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US Soybean Seed Costs Have Risen 260% Since 1997

By Ryan Hanrahan

The USDA Economic Research Service’s Bryn Swearingen and Kate Vaiknoras reported earlier this week that the cost of soybean seeds per acre in the United States has risen more than 260% since 1997, while total soybean production costs have risen 157%.

“In 1997, U.S. farmers spent an average of $19.72 per acre on soybean seeds,” Swearingen and Vaiknoras reported. “That expense rose by more than 260 percent by 2023, when U.S. farmers were spending $71.03 per acre on soybean seeds. Much of the cost increases occurred during 1997–2010, when seed costs increased by 200 percent to $59.20 per acre. Meanwhile, total (soybean) production costs also increased from $245.83 per acre in 1997 to $632.22 per acre in 2023.”

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Technological Advancements Have Driven Cost Increases

Swearingen and Vaiknoras attributed much of the increased cost of soybean seeds over the 1997 to 2023 time period to “changes in planting methods, seeding technologies and seed quality.”

“In the mid-1990s, seed companies began selling genetically engineered soybean seeds to U.S. farmers,” Swearingen and Vaiknoras reported. “In 1997, regional adoption rates for these genetically engineered soybean seeds ranged from 8 to 21 percent. In 2002, adoption still varied by region but had jumped from 60 to 96 percent. By 2006 and in remaining survey years, U.S. farmers had planted genetically engineered soybean seeds on at least 93 percent of acres in all regions”

“In more recent years, farmers can purchase soybean seeds with stacked resistance to multiple herbicides,” Swearingen and Vaiknoras reported. “Seeds have also been treated directly with pesticides as a pest management strategy. In addition, precision agriculture (which, through the automation of some farming tasks, can allow farmers to vary the rate of several inputs including seeds) has become increasingly popular. These technological advancements have increased the quality and reliability of the seeds.”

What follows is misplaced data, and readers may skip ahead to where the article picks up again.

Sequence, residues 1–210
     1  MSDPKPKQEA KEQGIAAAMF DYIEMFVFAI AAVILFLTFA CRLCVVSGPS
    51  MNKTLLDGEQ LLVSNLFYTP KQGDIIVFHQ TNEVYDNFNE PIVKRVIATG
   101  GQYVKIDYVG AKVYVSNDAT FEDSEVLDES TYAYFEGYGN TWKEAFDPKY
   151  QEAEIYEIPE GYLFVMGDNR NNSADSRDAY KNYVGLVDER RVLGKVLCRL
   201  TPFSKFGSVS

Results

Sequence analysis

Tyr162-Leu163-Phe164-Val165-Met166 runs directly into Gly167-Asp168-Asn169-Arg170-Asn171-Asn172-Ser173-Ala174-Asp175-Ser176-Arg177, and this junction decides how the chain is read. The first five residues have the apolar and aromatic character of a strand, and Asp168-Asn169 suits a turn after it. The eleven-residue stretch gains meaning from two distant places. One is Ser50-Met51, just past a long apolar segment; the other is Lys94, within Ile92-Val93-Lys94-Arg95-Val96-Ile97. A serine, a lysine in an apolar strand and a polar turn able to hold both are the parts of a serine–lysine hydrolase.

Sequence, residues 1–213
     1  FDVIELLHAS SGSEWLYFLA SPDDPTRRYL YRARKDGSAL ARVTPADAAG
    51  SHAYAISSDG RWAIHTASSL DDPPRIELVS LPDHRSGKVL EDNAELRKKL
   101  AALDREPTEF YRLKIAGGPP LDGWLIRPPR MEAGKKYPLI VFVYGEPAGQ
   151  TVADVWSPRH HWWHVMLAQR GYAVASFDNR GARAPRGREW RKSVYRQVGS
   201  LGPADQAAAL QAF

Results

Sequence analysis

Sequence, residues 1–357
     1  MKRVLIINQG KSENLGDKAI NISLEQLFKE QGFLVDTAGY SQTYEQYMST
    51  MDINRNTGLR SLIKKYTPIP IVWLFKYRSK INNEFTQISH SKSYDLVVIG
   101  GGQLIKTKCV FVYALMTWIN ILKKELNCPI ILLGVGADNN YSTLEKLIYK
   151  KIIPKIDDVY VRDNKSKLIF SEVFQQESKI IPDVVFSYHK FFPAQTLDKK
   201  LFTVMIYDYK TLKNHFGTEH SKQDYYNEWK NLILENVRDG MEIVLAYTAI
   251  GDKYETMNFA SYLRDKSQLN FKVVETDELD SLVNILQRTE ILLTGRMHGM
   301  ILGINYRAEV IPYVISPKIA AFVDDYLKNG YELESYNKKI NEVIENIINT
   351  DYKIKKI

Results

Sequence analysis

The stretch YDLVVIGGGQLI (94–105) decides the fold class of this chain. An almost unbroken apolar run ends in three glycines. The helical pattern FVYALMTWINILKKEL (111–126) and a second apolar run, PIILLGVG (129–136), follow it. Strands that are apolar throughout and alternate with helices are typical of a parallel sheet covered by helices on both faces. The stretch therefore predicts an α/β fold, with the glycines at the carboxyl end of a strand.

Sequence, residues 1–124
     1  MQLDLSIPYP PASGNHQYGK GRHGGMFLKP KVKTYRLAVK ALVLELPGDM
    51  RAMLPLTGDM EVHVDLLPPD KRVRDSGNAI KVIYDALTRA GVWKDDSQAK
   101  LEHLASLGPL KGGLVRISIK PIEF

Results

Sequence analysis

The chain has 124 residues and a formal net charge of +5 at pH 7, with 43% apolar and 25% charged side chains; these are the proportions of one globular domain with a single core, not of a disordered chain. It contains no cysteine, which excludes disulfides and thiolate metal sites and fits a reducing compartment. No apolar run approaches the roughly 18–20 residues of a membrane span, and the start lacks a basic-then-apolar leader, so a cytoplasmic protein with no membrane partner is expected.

“Possibly and partly due to these technological advancements and higher quality seeds, soybean seeds have become more costly in recent years,” they reported.

Seeding Rates Have Decreased

While prices have increased for soybean seeds since 1997, the seeding rate has decreased across the United States.

Swearingen and Vaiknoras reported that “seeding rates fell in every major soybean-producing State” from 1997 to 2018. “The leading soybean-producing States of Iowa and Illinois fell by 18 and 35 percent, respectively. Whereas some smaller producing States, such as Mississippi and Tennessee, saw less than a 10-percent decline in soybean seeding rates.”

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“In 2018, Ohio had the highest seeding rate of about 175,700 seeds per acre, followed by North Dakota and Indiana,” Swearingen and Vaiknoras reported. “The lowest seeding rates in
2018 were in Mississippi, Louisiana, and Kansas, at less than 145,000 seeds per acre. These States have historically been lower than the U.S. average. Iowa and Illinois had rates that were close to the U.S. average (153,000 and 158,000 seeds per acre, respectively).”

“This decline has been accompanied by increased crop row widths along with other changes in farming practices, technologies, and seed costs,” Swearingen and Vaiknoras reported. “For example, soybean farmers’ use of genetically engineered seed and conventional planters have grown, which have likely contributed to the declined soybean seeding rates.”

Swearingen and Vaiknoras reported that “average U.S. soybean seeding rates have decreased from over 200,000 seeds per acre in 1997 to about 157,000 seeds per acre in 2018. This was accompanied by an increase in row width, from about 17 inches in 1997 to almost 20 inches in 2018.”

Source : illinois.edu

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